The South African pay-TV broadcaster M-Net is again warning over the South African government's attempt to push encryption into free-to-air public, digital television when the switch to digital terrestrial television (DTT) starts.
In a new print advert, M-Net is warning the country that the South African government's plan to force a built-in encryption system into set-top boxes (STBs) for free, public television under a digital television dispensation is and will be "expensive, complicated and unnecessary".
TV experts are warning about the next "e-toll disaster" for television waiting to happen when tens of millions of South African TV households – still largely kept in the dark about the looming switch from analogue to DTT in a process known as digital migration – discover that they will be forced to pay hundreds of rands to buy a STB just to continue to watch the free and public TV channels they're currently watching.
Viewers will have to pay R800 or more – and in some cases be forced to also buy an antenna – just to keep watching their favourite soap like Generations, news bulletin or local TV drama.
An encryption system will further complicate the boxes and the system, and up the price.
South Africa's digital migration process is hugely delayed while the cost of implementation, as well as the cost to consumers of the TV boxes, keeps escalating.
The government which is still to explain the subsidy process clearly, will only subsidise the "poorest of the poor" but even they will still have to fork over hundreds of rands to buy a STB.
Digital TV: More about jobs than about viewers
If an encryption system has to be built into STBs – irrespective of whether it is used or not – it will make the STBs more expensive due to the technology and hardware (the additional parts) as well as encryption software licensing rights.
However, it will also create a protective "bubble" for the local decoder manufacturing industry. It will create jobs because it will mean that only STBs made in South Africa, with an encryption system for public television, and custom-made for South Africa, will work here.
Imported overseas STBs or TV sets with built-in digital TV receivers that adhere to the SABS standards for these decoders and which may be cheaper, better or more desired by consumers, will never work if South African free-to-air television is forced to have STBs with a built-in encryption system.
The South African government wants to use the switch to digital television for job creation, having shifted the focus away from the ordinary TV viewer during the delayed process the past half a decade.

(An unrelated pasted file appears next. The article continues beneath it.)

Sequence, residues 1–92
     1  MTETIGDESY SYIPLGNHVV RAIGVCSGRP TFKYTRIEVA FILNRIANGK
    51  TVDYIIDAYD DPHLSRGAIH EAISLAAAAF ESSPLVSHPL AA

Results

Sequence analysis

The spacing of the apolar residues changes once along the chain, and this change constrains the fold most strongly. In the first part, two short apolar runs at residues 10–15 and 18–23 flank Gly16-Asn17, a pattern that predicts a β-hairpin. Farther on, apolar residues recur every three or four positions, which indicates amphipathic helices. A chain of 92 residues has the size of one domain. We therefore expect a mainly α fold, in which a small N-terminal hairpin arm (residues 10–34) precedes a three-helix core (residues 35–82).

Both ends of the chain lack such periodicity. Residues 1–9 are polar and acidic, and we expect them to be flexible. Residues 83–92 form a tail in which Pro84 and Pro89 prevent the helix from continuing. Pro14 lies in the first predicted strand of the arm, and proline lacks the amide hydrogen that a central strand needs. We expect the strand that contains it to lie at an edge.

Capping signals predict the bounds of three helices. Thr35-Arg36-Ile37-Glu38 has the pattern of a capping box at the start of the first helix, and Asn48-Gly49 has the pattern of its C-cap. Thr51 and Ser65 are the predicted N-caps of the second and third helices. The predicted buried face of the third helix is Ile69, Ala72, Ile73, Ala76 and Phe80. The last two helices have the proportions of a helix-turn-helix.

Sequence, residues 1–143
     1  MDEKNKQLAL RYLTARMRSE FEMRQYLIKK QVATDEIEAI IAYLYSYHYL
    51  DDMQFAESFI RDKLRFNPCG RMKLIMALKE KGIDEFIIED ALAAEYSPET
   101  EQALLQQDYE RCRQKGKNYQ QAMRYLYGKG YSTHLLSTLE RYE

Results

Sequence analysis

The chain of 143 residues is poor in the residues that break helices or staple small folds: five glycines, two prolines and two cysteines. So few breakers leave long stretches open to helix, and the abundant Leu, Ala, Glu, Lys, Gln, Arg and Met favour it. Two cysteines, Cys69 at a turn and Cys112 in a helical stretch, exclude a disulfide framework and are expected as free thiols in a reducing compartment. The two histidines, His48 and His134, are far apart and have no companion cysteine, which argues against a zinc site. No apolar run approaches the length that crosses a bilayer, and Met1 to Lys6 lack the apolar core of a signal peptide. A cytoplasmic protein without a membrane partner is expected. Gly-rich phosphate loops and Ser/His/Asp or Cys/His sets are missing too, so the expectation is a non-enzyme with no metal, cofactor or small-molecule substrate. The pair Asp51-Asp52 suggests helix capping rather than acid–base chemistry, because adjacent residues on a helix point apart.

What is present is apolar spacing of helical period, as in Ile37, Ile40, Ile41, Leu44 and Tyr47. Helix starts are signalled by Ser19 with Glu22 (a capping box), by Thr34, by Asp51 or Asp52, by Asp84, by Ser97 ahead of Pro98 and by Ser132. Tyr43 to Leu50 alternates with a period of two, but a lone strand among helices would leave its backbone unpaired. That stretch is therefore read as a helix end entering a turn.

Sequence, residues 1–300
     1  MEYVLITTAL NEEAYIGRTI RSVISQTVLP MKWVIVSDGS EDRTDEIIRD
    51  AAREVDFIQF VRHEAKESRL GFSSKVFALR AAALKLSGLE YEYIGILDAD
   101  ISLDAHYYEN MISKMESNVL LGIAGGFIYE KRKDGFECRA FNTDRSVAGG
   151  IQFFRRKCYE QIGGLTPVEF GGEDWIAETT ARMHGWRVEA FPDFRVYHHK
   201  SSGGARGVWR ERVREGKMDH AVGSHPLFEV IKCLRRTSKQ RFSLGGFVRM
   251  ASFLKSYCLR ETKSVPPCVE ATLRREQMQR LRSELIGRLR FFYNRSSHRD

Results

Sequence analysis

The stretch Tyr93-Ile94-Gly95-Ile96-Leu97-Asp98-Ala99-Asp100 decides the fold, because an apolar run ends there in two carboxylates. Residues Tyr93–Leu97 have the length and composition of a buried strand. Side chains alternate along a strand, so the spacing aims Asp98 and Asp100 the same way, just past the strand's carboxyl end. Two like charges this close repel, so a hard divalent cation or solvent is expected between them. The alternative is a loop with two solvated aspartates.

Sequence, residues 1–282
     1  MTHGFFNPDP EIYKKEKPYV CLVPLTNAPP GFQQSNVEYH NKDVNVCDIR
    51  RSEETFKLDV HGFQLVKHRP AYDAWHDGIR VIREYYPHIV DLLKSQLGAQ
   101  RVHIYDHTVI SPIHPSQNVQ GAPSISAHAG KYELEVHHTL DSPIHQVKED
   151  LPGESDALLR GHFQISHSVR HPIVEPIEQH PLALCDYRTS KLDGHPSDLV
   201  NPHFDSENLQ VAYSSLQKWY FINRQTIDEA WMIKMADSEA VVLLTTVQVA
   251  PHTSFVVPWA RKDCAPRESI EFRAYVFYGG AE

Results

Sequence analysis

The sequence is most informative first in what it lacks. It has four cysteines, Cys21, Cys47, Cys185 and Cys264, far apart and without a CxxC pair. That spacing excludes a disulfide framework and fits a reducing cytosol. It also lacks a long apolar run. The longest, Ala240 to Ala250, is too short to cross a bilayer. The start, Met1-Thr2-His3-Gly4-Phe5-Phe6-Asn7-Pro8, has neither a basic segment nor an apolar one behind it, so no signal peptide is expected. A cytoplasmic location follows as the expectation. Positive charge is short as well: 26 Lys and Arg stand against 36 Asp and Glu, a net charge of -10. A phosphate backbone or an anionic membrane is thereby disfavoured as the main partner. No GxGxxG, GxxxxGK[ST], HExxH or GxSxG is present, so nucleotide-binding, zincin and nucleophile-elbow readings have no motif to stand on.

Job creation is now the overriding concern – which is why the battle of encryption of free television is raging, instead of what is best for the tens of millions of TV viewers who will have to buy new technology in order to keep watching television.
Entire TV biz affected
The majority of South African broadcasters – all community TV stations, the SABC, MultiChoice which runs DStv, and M-Net – are opposed to the encryption of public access television. E.tv and some local manufacturers want an encryption system, saying it will protect TV content and local STB manufacturing.
Although M-Net is a pay-TV broadcaster with its own TVdecoders (which contains an encryption system since it is a subscription television service), it is highly concerned about the issue of encryption for free television.
The South African pay-TV broadcaster plans to do a "hard swop" of decoders (asking all its subscribers to bring in and fast-change to new decoders) but will still be impacted by the massive switch because although it is a pay-TV broadcaster, it also remains a terrestrial broadcaster.
While M-Net can switch easier because the company knows who its subscribers are and where they live, it will be much more difficult to get the millions of people watching SABC channels and e.tv channels to switch.
However, the SABC, e.tv and M-Net will jointly have to keep broadcasting their currently analogue signals as well as their new digital signal(s) until enough people have switched – a period known as “dual illumination”.
Or put in another way: M-Net, although it is a pay-TV terrestrial broadcaster, cannot switch off its current, old analogue signal, unless the free-to-air terrestrial broadcasters SABC and e.tv can also switch off theirs.
It means that all the South African broadcasters are joined at the hip in a sense when it comes to DTT. Athough an M-Net would conceivably be able to complete its switch faster, it wouldn’t be able to turn its analogue signal off and will have to wait for the SABC and e.tv.